By Ray Stern
By Ray Stern
By New Times
By Amy Silverman
By Stephen Lemons
By Stephen Lemons
By Monica Alonzo
By Chris Parker
Says Mesa police spokesman Chuck Kennedy: "The word is that no comment will be made on anything, including this issue, until after the county attorney completes his investigation."
That stance does not sit well with Cheri Staton.
"The chief convinced me that he sincerely wants to get to the bottom of this mess," she says, "but he told me Del Ballentyne doesn't recall ever meeting me. I remember Chief Meeks saying he'd try to jog Del's memory on this. I'm very upset by this."
LARRY ELLIGET WAS preparing to barbecue on the evening of July 28 when the telephone call came in. It was his cousin Tim's wife, B.J., and she blurted out that Dick Elliget had been molesting his daughter.
DPS officer Bill Hansen happened to be visiting that night, and the two veteran cops rushed over to Tim and B.J. Elliget's home in east Mesa. Minutes after he arrived, Larry Elliget tried unsuccessfully to call Mesa police chief Guy Meeks and then assistant chief Del Ballentyne. Finally, he reached assistant chief Mike Whalen.
Hansen recalls what happened next. "I heard Larry tell his assistant chief that Dick had been molesting his kid," Hansen tells New Times, "that there were hundreds of nude photographs, and there was a diary with the names of officers in it. I remember Larry saying it was a bucket of worms, and that it sure sounded like a case for another agency. I thought it would be an easy call to make. Larry said he had someone standing right here who could get the ball rolling over at DPS."
Larry Elliget describes how assistant chief Whalen responded to his suggestion: "He told me in the strongest terms that Mesa was going to handle this one within the department. That was that. When an assistant chief tells you something, there's not much argument you can make."
After the Elligets' arrests, the two youngest of their four daughters moved in for a time with Larry Elliget, his wife Kathy, and their two children. Despite the family ties, Larry and Kathy Elliget resolved to do what they could to make sure Dick and Laurie Elliget both received long prison terms.
"When a little 9-year-old girl tells you that she saw her mom having sex on her living-room floor with a man," says Kathy Elliget, "and that she saw her mom making out in the kitchen with Rick Heath--her damn husband's lieutenant--it makes you want to strangle a whole bunch of people."
Larry Elliget gets livid when he recalls a conversation during which prosecutor Terry Jennings allegedly promised him Dick Elliget would be treated as severely as possible.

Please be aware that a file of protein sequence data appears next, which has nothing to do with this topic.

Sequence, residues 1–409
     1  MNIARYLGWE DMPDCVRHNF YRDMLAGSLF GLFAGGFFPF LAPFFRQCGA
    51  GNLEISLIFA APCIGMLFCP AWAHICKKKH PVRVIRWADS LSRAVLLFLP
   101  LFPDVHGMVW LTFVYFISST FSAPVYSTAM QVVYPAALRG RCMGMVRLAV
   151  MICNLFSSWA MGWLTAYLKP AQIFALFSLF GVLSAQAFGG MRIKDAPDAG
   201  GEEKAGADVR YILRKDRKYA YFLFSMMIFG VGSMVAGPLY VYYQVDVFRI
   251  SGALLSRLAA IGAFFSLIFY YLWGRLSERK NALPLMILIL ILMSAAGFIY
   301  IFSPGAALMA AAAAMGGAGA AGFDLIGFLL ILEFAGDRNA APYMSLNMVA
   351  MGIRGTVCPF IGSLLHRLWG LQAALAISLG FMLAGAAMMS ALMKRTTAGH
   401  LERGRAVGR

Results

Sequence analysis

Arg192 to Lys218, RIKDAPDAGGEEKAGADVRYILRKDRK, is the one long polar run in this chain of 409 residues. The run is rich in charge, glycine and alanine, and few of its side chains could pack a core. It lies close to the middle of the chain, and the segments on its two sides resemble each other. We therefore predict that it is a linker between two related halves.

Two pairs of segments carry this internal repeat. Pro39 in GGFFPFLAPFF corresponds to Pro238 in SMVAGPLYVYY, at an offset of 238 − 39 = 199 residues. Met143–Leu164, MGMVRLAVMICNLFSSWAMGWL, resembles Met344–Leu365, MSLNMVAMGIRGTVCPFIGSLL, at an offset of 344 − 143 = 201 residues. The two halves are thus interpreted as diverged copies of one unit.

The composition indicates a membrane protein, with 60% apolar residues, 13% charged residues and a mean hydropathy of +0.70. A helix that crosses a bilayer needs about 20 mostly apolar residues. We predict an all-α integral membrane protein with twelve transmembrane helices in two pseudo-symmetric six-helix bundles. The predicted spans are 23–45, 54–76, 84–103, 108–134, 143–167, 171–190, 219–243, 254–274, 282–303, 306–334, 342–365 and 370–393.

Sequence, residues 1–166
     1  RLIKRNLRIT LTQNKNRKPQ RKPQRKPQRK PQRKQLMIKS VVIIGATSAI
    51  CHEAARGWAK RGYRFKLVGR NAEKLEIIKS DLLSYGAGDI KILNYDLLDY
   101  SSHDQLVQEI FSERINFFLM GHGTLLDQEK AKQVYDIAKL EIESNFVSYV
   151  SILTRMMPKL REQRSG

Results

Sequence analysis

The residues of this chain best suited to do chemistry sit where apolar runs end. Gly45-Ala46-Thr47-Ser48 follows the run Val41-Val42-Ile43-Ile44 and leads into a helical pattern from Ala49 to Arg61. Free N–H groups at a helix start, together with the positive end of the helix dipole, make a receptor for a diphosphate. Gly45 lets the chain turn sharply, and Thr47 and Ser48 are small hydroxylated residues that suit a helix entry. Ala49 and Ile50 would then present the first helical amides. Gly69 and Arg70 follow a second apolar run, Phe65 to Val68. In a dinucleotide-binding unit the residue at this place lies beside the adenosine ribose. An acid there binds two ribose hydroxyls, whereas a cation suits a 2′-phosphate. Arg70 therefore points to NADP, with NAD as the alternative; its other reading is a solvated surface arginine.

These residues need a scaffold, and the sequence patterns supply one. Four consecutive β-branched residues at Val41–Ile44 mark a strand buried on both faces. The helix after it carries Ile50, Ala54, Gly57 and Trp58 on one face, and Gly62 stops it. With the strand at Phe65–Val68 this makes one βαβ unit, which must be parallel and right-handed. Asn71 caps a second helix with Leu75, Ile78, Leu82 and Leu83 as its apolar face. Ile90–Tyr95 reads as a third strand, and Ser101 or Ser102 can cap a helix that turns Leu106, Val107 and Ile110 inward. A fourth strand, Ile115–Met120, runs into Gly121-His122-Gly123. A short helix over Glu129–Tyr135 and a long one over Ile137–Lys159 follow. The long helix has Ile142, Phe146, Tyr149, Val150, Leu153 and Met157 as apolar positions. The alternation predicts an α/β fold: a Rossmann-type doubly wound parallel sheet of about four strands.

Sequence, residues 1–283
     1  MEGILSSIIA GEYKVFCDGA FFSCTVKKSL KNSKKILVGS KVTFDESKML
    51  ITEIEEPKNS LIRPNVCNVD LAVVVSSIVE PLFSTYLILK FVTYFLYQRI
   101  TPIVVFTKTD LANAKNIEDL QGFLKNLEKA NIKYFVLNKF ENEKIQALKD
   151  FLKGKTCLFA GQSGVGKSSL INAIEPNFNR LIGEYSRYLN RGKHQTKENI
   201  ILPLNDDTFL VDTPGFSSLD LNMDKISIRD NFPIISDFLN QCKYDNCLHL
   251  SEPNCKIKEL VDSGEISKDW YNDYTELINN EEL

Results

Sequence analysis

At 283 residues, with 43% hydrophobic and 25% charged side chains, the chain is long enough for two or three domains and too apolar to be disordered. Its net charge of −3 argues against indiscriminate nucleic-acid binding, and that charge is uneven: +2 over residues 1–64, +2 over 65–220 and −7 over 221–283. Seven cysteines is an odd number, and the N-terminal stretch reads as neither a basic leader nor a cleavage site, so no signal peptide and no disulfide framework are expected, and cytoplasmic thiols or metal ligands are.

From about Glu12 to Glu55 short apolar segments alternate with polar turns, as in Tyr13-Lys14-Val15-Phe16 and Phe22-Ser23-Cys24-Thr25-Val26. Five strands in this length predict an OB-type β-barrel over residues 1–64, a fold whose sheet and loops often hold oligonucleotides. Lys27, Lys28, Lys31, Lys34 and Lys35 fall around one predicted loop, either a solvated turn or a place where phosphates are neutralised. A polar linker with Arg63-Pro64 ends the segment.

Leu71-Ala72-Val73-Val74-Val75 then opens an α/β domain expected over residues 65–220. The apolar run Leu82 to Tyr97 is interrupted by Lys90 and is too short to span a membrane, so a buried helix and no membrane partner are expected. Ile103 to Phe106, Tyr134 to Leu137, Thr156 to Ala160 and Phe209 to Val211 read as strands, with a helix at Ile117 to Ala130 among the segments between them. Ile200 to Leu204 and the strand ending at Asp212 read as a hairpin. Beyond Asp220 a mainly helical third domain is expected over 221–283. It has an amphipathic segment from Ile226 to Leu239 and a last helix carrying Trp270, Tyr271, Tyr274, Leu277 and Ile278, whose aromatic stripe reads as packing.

"Terry said in so many words that he was gung ho about sending Dick away," Larry Elliget says. That's not what has happened. Under the deal he agreed to, Dick Elliget was to face a prison sentence of about 5 to 14 years, but it was to be "soft time"--he'd have to serve only half of his term before being eligible for parole. In a separate plea bargain, Laurie Elliget pleaded guilty to one count of child abuse and faces up to a year in jail at her sentencing next month.
Neither plea bargain required Dick or Laurie Elliget to speak to Mesa Police Department Internal Affairs investigators. That meant the department's dirty laundry could remain hidden. Nor did the plea bargains require either Elliget to take the stand in the event that other Mesa officers are prosecuted.
Larry Elliget recalls a telephone call he received in September from prosecutor Anne Williams.
"She said things weren't set in concrete," Larry Elliget says, referring to notes he made of the conversation, "but her office had decided to let Dick plead to charges that could mean lifetime probation or up to 14 years in prison. Laurie was going to plead to child abuse and would serve no more than a year in jail, and she'd have to talk to the Internal Affairs people at Mesa about everything."
He was outraged by the proposed deal and he let prosecutor Williams know about it.
"I told her she was out of her damned mind and that it was bull if they thought Laurie was a victim of Dick," Larry Elliget says. "I said she's no victim and that she and Dick should be going down for this in a big way. Anne said she didn't want to make an example out of Dick. She asked if I thought a cop should be treated worse than someone else, and I said that he ought to be serving a long, long prison term. These days, all of a sudden, she's playing hardball in the press and she's denying she ever said any of this to me. But I swear to God she did."
Neither Terry Jennings--head of the County Attorney's Office sex-crimes unit--nor prosecutor Anne Williams responded to telephone calls from New Times. However, Paul Ahler, head of the agency's trial bureau, bristles at the accusation that "Terry Jennings or anyone else from our office was in bed with the Mesa Police Department. That just isn't true. We were going to go in and argue for an aggravated sentence from the start."